Know Thy Gyroscope and JS – Part I

Know Thy Gyroscope and JS – Part I

This is the first part of two-part-post. Here I will discuss how we can access the gyroscope and accelerometer data on mobile devices via JavaScript. In Part II I will focus on the differences between devices/browsers and how I deal with them. If you are already familiar with the basics feel free to jump to Part II

In the modern browsers on mobile devices and laptops you can access the gyroscope and accelerometer data using JavaScript. The W3C document explains the standard very well. and all through this post I am following what is mentioned in this standard.

Before you go on reading it is important to understand what are the axises of the mobile device. Below is a nice image for that.


The accelerometer and gyroscope sensors provide data about the rotation and movement of the device, on and around those axises. To access this sensor data via JavaScript we can use the events of the window object. The window object has two events for this: devicemotion and deviceorientation. You can add event listeners to the window object or use the two properties.



window.addEventListener("deviceorientation", function(event) {
    // process event.alpha, event.beta and event.gamma
}, true);

window.ondeviceorientation = function(event) {
    // process event.alpha, event.beta and event.gamma

Alpha, beta and gamma are the Euler angles. The detailed maths behind it is rather hard to grasp and I do not suggest you go deeper unless you are really interested in the geometry. You can think of them as rotation of the device around its axis. Alpha around Z axis, beta around X axis and gamma around Y axis.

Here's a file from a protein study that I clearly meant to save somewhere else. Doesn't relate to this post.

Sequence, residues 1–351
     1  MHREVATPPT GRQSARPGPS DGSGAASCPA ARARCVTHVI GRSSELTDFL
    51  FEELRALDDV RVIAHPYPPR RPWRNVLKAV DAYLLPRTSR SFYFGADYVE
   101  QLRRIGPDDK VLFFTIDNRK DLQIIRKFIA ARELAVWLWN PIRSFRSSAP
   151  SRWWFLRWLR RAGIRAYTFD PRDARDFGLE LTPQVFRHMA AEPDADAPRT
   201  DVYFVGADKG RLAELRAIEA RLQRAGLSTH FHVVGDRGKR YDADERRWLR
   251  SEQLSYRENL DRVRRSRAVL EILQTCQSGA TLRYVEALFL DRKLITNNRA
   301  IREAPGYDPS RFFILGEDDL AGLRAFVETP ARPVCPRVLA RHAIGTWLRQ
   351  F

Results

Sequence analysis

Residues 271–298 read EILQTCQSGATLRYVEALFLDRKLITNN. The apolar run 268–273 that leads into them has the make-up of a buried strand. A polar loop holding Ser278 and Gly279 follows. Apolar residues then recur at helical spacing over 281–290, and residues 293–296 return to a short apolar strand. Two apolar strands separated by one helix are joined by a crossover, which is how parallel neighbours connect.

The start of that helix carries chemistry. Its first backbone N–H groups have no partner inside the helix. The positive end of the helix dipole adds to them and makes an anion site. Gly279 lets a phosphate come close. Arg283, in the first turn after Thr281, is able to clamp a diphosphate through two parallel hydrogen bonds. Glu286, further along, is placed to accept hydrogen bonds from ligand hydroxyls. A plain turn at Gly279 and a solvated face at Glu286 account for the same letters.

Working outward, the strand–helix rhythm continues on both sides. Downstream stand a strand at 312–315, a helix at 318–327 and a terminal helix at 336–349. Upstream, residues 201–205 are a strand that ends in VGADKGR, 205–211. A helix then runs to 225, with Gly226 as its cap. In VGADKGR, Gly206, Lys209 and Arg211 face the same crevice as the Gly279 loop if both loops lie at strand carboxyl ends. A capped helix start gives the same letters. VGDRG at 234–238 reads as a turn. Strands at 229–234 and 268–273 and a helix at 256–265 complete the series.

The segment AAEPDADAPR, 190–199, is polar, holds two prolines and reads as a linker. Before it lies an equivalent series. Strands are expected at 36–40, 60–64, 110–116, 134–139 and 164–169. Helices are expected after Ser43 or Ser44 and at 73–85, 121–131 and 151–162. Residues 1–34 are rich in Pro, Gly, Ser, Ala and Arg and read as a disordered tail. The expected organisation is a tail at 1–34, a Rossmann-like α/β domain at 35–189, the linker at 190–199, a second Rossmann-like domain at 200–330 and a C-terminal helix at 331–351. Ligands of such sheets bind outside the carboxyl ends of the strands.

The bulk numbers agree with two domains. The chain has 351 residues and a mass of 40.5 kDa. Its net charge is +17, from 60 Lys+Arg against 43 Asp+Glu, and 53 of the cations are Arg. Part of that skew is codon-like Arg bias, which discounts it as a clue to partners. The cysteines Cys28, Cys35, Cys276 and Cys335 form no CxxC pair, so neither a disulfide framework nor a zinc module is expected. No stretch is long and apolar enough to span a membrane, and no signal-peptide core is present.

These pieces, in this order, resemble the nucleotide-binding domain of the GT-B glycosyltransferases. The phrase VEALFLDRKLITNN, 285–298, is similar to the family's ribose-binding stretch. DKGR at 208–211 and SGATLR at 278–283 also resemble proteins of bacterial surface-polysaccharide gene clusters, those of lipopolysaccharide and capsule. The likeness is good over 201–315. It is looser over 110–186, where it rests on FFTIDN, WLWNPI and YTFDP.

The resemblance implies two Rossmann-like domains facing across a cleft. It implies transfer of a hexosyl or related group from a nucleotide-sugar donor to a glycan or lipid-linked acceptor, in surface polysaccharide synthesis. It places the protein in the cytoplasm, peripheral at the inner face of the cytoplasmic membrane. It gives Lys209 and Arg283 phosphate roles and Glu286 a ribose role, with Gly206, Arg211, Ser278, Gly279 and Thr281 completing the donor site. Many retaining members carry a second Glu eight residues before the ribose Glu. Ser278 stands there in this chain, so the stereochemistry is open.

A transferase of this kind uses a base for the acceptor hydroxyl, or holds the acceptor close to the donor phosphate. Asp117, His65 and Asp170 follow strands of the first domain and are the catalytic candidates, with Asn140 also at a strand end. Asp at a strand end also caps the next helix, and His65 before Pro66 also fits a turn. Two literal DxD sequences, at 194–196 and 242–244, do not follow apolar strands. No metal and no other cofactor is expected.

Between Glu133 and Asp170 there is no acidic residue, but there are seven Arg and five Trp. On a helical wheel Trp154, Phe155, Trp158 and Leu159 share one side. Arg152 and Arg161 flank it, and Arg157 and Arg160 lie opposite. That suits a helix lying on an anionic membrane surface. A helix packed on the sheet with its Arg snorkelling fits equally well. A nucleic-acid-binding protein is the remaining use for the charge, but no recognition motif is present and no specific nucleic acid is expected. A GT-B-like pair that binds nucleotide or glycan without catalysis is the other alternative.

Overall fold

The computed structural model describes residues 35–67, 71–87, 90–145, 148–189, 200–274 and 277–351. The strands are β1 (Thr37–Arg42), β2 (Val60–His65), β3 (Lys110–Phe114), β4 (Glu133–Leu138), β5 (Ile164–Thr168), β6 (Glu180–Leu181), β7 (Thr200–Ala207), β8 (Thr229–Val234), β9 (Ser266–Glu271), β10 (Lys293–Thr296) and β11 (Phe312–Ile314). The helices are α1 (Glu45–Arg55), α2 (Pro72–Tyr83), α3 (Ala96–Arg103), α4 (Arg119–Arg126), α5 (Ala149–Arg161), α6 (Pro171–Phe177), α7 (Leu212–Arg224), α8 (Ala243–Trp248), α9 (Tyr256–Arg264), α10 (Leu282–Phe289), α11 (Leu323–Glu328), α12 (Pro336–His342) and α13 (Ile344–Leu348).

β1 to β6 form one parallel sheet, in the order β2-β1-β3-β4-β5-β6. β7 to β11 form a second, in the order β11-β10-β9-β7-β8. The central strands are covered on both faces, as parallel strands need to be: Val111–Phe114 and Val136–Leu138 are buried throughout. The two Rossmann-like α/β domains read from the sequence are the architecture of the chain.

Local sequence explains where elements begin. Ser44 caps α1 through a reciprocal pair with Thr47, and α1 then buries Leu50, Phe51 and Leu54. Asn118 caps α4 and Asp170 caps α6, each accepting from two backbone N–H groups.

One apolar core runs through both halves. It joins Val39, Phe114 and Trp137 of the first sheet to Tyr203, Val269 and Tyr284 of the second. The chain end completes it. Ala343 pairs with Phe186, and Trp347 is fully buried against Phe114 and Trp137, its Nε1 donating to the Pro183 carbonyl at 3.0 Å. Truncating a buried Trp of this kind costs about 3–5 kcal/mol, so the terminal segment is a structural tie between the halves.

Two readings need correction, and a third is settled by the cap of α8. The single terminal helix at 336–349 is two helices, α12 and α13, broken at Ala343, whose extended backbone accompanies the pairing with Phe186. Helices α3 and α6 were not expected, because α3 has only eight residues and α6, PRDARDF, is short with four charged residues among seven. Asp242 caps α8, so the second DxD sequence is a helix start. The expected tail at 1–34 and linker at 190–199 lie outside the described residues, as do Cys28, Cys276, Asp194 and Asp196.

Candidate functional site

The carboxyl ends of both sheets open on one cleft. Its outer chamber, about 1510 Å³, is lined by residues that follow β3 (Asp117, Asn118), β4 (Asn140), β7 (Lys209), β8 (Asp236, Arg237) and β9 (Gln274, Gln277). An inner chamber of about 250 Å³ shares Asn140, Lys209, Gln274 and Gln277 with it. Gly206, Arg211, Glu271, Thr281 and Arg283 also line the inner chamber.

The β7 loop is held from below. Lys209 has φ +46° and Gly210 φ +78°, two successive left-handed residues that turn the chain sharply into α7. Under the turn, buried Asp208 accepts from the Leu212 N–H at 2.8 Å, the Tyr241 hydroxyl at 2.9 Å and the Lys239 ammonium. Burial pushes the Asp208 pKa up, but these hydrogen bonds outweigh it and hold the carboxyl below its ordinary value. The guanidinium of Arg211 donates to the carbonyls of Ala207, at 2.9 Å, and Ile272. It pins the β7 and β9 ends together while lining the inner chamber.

window.addEventListener("devicemotion", function(event) {
    // Process
    // event.acceleration.x
    // event.acceleration.y
    // event.acceleration.z,
    // event.accelerationIncludingGravity.x,
    // event.accelerationIncludingGravity.y,
    // event.accelerationIncludingGravity.z,
    // event.rotationRate.alpha,
    // event.rotationRate.beta,
    // event.rotationRate.gamma,
    // event.interval
}, true);

window.ondevicemotion = function(event) {
    // Or you can process the same event values here

 event.acceleration is the acceleration of the device in different axises (x, y, z), and it changes only if the device is on move and accelerating.

event.accelerationIncludingGravity is the same thing but it also calculates the gravitational acceleration. Meaning that even if the device is stationary you will see the values are never “0” because there is always gravity.

When the device is moving acceleration gives you the rate of change in the axises. And just like that event.rotationRate gives you the change in rotation angels.



Some times the compass of the device is not calibrated. In that case the angel values returned from deviceorientation event might be incorrect. If this happens a new event is triggered by the browser. To notice this problem you need to listen to compassneedscalibration event. 

window.addEventListener("compassneedscalibration", function(event) {
    // Here you can handle this
}, true);



Here is a nice example for mapping the angels from deviceorientation event to CSS3 transforms


Next Step

What I have mentioned above is completely following the standards. In other words what it should be. However I have seen some differences cross devices and browsers. I focus on these exceptions and the ways I addressed them are in the Part II of this post.